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BoxLife Magazine

The Benefits of Sled Training

By William Imbo

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September 8, 2014

The use of sleds in athletic training is not new, and for good reason. The sled comes in various shapes and sizes (such as the ‘racer sled’ from this years’ Games), which enable a diverse range of exercises to suit the athlete’s needs. They can be pulled, pushed or dragged. In the case of the prowler sled, weight can be added to make the exercise more targeted—whether for power development, muscular endurance or aerobic training. There’s a reason the sled has made an appearance in one form or another at every CrossFit Games since 2011. Its versatility means that it can be programmed into a number of events (or used on its own) to expose an athlete’s weaknesses; by the same token, you won’t see an elite CrossFitter train without one. The sled simply makes you better. But how? First though, a little historybehind the contraption.

Origins and use
The inspiration for sled training can be traced back to the Scandinavian logging industry where loggers had no choice but to drag felled trees out of the forests. From this heavy work, the men developed powerful legs and lower backs, which perhaps explains why Finnish weightlifters are renowned for their deadlifting prowess. It wasn’t long before sled training found its way into athletics—for the sport of bobsledding, in which athletes push a bobsled down an ice track, the transition was seamless. Push sleds are now a common sight in football and rugby training programs, and are also used by sprinters and of course, CrossFitters.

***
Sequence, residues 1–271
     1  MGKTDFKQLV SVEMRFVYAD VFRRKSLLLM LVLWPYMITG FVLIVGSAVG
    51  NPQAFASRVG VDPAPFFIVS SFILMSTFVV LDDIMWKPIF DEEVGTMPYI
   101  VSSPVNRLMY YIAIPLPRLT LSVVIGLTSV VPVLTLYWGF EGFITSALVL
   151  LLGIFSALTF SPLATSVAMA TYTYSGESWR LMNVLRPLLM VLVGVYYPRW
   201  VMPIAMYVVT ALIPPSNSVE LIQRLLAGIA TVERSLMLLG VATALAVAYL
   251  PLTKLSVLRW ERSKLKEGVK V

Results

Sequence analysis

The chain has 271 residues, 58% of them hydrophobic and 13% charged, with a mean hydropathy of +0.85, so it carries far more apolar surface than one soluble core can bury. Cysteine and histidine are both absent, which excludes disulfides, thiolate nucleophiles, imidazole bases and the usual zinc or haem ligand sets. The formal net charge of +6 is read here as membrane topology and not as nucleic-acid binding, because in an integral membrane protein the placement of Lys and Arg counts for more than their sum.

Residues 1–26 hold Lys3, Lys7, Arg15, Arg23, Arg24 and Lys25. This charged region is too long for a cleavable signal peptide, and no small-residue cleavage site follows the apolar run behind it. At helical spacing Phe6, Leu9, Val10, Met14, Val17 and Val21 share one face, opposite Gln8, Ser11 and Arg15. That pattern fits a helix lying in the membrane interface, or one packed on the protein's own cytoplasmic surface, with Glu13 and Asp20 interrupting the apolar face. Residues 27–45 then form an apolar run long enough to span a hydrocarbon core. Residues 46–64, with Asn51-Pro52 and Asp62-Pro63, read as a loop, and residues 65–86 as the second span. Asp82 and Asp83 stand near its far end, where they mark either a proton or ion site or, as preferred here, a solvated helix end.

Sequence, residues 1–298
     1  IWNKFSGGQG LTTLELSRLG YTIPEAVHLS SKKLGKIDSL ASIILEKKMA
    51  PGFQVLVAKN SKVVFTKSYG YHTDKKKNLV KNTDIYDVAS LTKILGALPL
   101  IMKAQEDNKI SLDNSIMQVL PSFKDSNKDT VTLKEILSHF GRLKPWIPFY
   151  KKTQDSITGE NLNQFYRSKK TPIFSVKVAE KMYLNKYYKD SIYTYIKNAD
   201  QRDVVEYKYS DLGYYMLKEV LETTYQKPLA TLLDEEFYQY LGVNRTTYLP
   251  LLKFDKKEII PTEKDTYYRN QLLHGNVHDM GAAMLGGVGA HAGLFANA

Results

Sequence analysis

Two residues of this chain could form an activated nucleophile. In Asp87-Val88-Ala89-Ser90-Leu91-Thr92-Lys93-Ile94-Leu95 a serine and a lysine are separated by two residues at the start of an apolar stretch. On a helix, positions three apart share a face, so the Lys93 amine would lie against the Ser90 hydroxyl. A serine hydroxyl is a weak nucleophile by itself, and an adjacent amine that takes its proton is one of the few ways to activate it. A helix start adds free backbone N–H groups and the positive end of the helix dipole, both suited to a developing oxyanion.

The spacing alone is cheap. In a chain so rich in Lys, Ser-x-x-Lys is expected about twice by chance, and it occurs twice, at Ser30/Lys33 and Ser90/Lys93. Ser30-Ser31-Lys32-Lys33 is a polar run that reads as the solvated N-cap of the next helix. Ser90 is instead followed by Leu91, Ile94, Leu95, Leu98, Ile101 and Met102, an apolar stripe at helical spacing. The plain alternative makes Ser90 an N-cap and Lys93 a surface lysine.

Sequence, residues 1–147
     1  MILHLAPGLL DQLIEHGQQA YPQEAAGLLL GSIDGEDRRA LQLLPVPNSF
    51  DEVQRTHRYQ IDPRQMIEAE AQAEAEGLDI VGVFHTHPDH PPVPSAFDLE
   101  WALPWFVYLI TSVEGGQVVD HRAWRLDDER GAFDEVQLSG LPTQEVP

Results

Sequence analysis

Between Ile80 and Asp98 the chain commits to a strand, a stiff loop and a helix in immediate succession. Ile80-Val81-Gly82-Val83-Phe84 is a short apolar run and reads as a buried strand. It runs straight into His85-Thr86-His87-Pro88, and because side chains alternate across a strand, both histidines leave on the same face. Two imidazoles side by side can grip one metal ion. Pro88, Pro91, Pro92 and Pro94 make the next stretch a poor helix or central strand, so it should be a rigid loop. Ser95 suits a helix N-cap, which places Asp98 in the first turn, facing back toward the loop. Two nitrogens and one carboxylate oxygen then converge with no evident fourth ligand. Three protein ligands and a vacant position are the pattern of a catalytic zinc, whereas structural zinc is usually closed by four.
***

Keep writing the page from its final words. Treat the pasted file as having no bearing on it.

Sleds have evolved over the years and now come in various shapes and sizes. The most common is the prowler sled, which traditionally comes in two designs. One has a sturdy metal plate with an upturned leading edge, the other uses twin parallel runners. Both have one or more vertical posts onto which weights can be loaded and a loop through which towing straps can be attached.

Benefits
Improves acceleration

Acceleration is the rate at which velocity changes with time, or the rate at which something speeds up or slows down. Naturally, this is crucial to many sports, which is why sled training is so highly valued. A 2012 study published in the Journal of Strength and Conditioning Research compared the effects of a joint weighted sled training and sprint training program against traditional sprint training over 10 and 30 meter distances using professional rugby union players. The athletes were separated into two groups, with one using traditional sprint training and the other using the combined sled training program. At the end of the study, both training protocols resulted in far quicker 10 meter and 30 meter sprint times. But when compared to baseline times, the sled group produced changes of -2.4% (10 meter) and -2.5% (30 meter), compared to respective changes of -1.1% and -1.2% in the traditional sprint group. When the body routinely has to work against resistance, it has to fire harder with each repetition: in this case, with each step. With repeated use of the sled, it seems an athlete’s nervous system (which controls muscle function) may learn to fire harder all the time (during sprints), and not just after using a weighted sled.

Develops functional strength
Sled work involves numerous muscles and joints performing functional movements.

The arms and legs work together to coordinate movement, and keeping a strong core is crucial to keeping the body stable as the limbs exert force on the sled and training surface, which can vary from grass through padded matts to gravel—with each posing different challenges.

Variety